We also have a large team of supporting staff that we work very closely with:

Dr Waz Baig

Consultant Cardiologist (Aortopathy clinic)

Dr Rob Sapsford

Consultant Cardiologist (Neuromuscular clinic)

Dr Lisa Barker

Consultant Pathologist

Karen Sherburn

Secretary

Lyn McGovern

Administration

We also have close links with the national specialist clinics at Barts Heart Centre, London and the Royal Salford Hospital in Manchester

 

 

What we do 

It is a busy clinic and we see hundreds of patients each year, but because it is a specialist clinic we are able to spend a lot longer with you than normal.

Inherited conditions are often difficult to diagnose and can be complicated to assess, so we often need to do a number of tests on your heart. We try to do as many of these tests as we can on the day of your clinic appointment so that we can provide you with the results straight away and to try and minimize the number of visits you need to make. For this reason we have designed the clinic so that when you come for your first appointment we will:

  • Spend some time talking to you about your family and make a family tree
  • Arrange some tests for you in the morning such as a scan of your heart, a heart trace or an exercise test
  • See the consultant who will assess any symptoms you may have, talk to you about the condition that may run in your family and discuss your test results with you
  • If you require any further tests, we will explain what they involve and why we are arranging them for you
  • If you require any treatment this will be discussed with you and you may be given a prescription on the day
  • Some patients may find it useful to see our dedicated counsellor and we can often arrange an appointment on the day of your visit as well
  • Provide you with an information pack which will include contact details, patient information about the relevant heart condition, information about charities that support patients and their families, and information sheets for your relatives

To fit all this in takes some time so for your first appointment please expect to be in the hospital for about 3-4 hours. There will be plenty of time to get a coffee or some lunch so don’t panic! We believe that it is much better to spend more time on the first visit and get as many of your tests done as possible.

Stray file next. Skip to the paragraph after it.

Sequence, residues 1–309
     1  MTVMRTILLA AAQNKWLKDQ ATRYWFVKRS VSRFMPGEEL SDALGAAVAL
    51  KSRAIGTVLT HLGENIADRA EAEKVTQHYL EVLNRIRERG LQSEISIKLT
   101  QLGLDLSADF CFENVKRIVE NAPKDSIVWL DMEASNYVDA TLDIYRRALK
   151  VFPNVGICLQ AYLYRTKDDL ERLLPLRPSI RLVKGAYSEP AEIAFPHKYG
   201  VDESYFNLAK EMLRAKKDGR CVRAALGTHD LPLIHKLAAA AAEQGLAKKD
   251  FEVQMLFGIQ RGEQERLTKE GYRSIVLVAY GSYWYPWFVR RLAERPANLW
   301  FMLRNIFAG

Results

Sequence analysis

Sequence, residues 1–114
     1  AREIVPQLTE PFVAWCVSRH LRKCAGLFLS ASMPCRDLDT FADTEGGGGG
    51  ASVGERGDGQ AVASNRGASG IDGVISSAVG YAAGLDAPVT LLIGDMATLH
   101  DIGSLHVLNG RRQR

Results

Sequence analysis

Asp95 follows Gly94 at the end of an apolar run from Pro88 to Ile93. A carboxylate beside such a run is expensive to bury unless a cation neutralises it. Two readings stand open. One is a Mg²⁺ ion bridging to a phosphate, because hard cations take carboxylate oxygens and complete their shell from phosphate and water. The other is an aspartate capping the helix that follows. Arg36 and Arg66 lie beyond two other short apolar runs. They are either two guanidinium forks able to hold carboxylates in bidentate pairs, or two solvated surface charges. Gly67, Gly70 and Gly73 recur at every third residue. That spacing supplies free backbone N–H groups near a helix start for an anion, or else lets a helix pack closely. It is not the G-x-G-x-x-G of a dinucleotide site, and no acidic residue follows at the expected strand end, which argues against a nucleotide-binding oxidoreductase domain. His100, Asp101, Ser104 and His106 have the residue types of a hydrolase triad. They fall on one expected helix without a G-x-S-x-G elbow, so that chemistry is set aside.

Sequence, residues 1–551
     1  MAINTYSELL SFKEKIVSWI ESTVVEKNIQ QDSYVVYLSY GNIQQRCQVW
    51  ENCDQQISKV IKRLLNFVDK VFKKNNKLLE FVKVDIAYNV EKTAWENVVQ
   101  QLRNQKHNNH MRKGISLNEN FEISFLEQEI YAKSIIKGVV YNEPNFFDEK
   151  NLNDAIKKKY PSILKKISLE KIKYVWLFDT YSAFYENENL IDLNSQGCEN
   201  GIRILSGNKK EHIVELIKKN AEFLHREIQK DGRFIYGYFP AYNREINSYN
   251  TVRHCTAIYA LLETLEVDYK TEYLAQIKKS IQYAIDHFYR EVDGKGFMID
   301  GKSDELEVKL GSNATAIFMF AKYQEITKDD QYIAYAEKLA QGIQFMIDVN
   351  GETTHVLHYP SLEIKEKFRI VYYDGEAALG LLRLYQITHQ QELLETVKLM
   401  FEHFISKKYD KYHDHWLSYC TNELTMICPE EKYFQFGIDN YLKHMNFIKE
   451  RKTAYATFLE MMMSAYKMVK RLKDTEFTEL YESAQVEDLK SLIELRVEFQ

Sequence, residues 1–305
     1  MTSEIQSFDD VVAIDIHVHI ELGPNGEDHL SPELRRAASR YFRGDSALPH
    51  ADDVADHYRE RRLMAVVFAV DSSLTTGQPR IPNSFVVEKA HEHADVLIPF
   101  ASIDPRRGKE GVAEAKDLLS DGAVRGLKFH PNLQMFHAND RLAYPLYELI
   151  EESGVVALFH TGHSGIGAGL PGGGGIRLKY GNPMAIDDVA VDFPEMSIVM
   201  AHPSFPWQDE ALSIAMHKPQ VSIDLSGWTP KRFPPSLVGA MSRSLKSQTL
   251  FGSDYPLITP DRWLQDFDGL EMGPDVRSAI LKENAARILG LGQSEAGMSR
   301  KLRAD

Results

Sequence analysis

Sometimes it is helpful to share information about you and your test results with some of your relatives. We would never share any details about your health without your permission and if you wish to keep your results to yourself that is absolutely fine. If on the other hand you are happy to share some basic clinical information then we will ask you to sign a consent form. You can change your mind at any time however.

 

Referrals 

The role of the Inherited Cardiovascular Conditions Service is changing and expanding. National and international guidelines now recommend that individuals with, or at risk of having, an inherited cardiovascular condition should be seen in a specialist clinic at least once.

This is a new development and is supported by:

Not all patients will need to keep coming back to the clinic and many with stable or mild disease can be seen in secondary and tertiary care.

There are several ways in which patients are referred to the Inherited Cardiovascular Conditions Service:

  • GP referral – any patient with, or at risk of having, an inherited cardiovascular condition who isn’t already being seen should be referred.
  • Hospital referrals – any patient who has a suspected or confirmed diagnosis can be referred. Reasons for referral might include diagnostic confirmation, exclusion of phenocopies (conditions that mimic a genetic condition), genetic testing, risk stratification, management advice, long term follow up, family screening.

 

How to Contact Us 

For clinical questions in patients over 16 years of age:

Contact the Clinical Nurse Specialists on 07584 184602

For appointments

Lyn McGovern 0113 3926476

For questions relating to genetic testing:

Contact Kath Ashcroft on 01133924436 or kathashcroft@nhs.net

Paediatric Liaison Nurses - 0113 3925467

 

Useful Information 

We have produced the following information sheets:

Information Booklet for Patients and their Families 

Information Booklet for Patients and Their Families Transitioning from Children's to Adult Services 

We also work closely with several charitable organizations that provide information, support and advice, support research and raise funds.

Sudden Adult Death Trust - SADS UK

Cardiomyopathy UK - Cardiomyopathy UK

Cardiac Risk in the Young - CRY